Trends 2017: mLearning

One of the big trends over the past few years is mLearning: Mobile Learning. As a subset of eLearning, mLearning is defined by the utilization of mobile devices: laptops, tablets, smart phones, and smart watches. Isn’t this just the same thing we’ve been talking about? As is often the case, yes and no. The platform for eLearning is simply the vehicle for delivering content; the platform in that context is irrelevant. Though one could immediately rank the ease of use for accessing an Internet portal between, say, a desktop computer and a smart watch. The power behind mLearning is not the mobile platform per se; the power of the various platforms is associated with how each is integrated into our increasing mobile personal and professional lives.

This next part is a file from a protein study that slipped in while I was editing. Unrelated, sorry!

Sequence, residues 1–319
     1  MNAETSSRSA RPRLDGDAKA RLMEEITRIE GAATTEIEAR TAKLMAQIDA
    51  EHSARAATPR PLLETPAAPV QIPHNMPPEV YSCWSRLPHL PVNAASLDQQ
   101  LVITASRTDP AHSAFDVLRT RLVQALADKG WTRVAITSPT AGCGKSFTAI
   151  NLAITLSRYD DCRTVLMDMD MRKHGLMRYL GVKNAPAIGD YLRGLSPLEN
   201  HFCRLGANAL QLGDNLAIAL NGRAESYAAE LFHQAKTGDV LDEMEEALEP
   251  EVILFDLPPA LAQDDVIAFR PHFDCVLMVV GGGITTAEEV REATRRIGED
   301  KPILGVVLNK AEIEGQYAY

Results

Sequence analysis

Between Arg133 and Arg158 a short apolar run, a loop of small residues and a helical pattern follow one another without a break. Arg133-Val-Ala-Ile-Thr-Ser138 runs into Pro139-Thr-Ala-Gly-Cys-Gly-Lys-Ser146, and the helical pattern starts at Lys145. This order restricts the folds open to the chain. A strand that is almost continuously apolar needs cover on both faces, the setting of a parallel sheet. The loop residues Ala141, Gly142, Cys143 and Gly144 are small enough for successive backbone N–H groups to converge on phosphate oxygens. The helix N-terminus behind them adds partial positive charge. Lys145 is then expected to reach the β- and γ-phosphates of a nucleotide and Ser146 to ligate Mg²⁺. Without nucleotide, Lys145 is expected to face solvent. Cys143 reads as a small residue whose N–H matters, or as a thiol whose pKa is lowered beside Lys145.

BACKGROUND: THE MOBILIZATION OF MEDIUMS

For our film aficionados, many will recall the scene from Annie Hall where the characters played by Woody Allen and Diane Keaton are waiting for movie tickets only to be verbally assaulted by a person loudly expounding to his date the ideas of media guru Marshall McLuhan. After a short vitriolic argument, Allen draws forth Marshall McLuhan from behind a cardboard sign with the latter pronouncing that the loud bombast knew nothing of his ideas. In addition to a lesson in personal civility and avoiding humiliation, this vignette prompts one to investigate McLuhan’s ideas.